The COVID-19 pandemic and extended lockdown have devastated many sectors of the South African economy, including tourism, restaurants, and the entertainment industry.
The National Treasury’s latest estimates suggest South Africa will lose between 690,000 and 1.8 million jobs as a result of the COVID-19 lockdown.
The Reserve Bank also expects a big economic fallout due to the lockdown, with a GDP contraction of 7% – the worst since the Great Depression.
While the impact of COVID-19 on IT and telecoms companies is not as severe as many other industries, these industries are still faced with big challenges because of the downturn in the economy.
ICT companies which have a lot of exposure to the travel, tourism, and restaurant industries, for example, have to deal with a significant loss in revenue.
One of these companies is Adapt IT, which said the negative impact of the lockdown on its clients in the hospitality sector has resulted in 20% of its employees being unable to work or perform their regular duties.
The poor forecast of the hospitality sector has forced Adapt IT to consider staff cuts, and it is currently in a consultation process with 4% of its permanent staff who may be affected.
Altron COO Andrew Holden told MyBroadband they have had to effect temporary layoffs due to the inability of some customers to pay for services as their businesses had been affected by the lockdown.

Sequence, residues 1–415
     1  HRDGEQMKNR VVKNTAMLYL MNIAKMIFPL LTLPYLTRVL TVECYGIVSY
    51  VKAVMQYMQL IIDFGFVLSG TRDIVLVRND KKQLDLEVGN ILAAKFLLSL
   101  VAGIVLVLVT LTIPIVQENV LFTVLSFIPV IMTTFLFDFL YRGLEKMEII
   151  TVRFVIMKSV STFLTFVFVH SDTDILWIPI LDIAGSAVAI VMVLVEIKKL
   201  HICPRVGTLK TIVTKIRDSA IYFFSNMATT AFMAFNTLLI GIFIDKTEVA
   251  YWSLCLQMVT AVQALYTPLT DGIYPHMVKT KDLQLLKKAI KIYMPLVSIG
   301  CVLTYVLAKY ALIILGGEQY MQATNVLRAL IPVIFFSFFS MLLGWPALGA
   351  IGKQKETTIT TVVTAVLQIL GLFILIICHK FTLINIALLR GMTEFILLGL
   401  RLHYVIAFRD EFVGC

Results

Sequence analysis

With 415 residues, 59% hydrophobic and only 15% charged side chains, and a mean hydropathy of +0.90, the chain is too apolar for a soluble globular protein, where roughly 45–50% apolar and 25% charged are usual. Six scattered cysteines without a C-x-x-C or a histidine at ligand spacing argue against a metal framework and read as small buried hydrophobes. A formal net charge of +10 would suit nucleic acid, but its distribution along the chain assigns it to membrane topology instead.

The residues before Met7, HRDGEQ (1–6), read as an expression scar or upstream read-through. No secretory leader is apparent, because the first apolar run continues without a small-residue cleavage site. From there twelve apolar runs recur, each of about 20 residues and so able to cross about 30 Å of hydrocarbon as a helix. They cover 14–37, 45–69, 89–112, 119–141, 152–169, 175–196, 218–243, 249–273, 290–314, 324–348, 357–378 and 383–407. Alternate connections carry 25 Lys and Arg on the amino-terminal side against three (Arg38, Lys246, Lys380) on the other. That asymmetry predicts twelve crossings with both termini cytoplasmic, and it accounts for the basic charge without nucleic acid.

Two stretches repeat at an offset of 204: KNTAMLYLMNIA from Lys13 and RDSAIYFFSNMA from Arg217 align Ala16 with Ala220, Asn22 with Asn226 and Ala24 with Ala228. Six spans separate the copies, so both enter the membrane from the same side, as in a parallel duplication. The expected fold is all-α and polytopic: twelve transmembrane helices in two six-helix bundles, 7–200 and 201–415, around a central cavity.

“Where possible, Altron will seek alternative opportunities for affected employees within the group. Retrenchments are a last resort, and will be limited as far as possible,” said Holden.
Many other large tech companies like Altron, Dimension Data, Blue Label, and Alviva have also indicated that staff cuts may be necessary in the event of a prolonged economic downturn.
Many South African IT companies had to implement salary cuts to mitigate the financial impact of the lockdown.
Salary cuts in the IT industry were necessary for two main reasons:
- Many clients stopped paying because of the impact of the lockdown on their businesses.
- Employees could not work because their clients had to close their businesses during lockdown.
In April, EOH CEO Stephen Van Coller announced that the company’s executive committee would take a salary reduction of 25%, with other staff taking a 20% pay cut.
This was needed because of the anticipated drop in payments from clients and future uncertainty on the full impact of COVID-19 on the economy and the company.
Cell C also implemented salary cuts and used the COVID-19 TERS Relief Funds to cover the shortfalls for those employees to the extent provided by the UIF.
Alviva told MyBroadband there were no mass pay cuts at the company, but that it had to implement salary reductions in a few isolated cases.
Altron followed a different approach to ensure the sustainability of the company. Instead of cutting salaries, it reversed all salary increases granted as of 1 March.
Good news for the telecoms industry is that very few of the large mobile operators and ISPs had to implement salary cuts during the lockdown.
Vodacom, MTN, Telkom, Liquid Telecom, Rain, Afrihost, Cool Ideas, and Cybersmart said they have not implemented any salary cuts during the lockdown.
The outlook for the South African ICT industry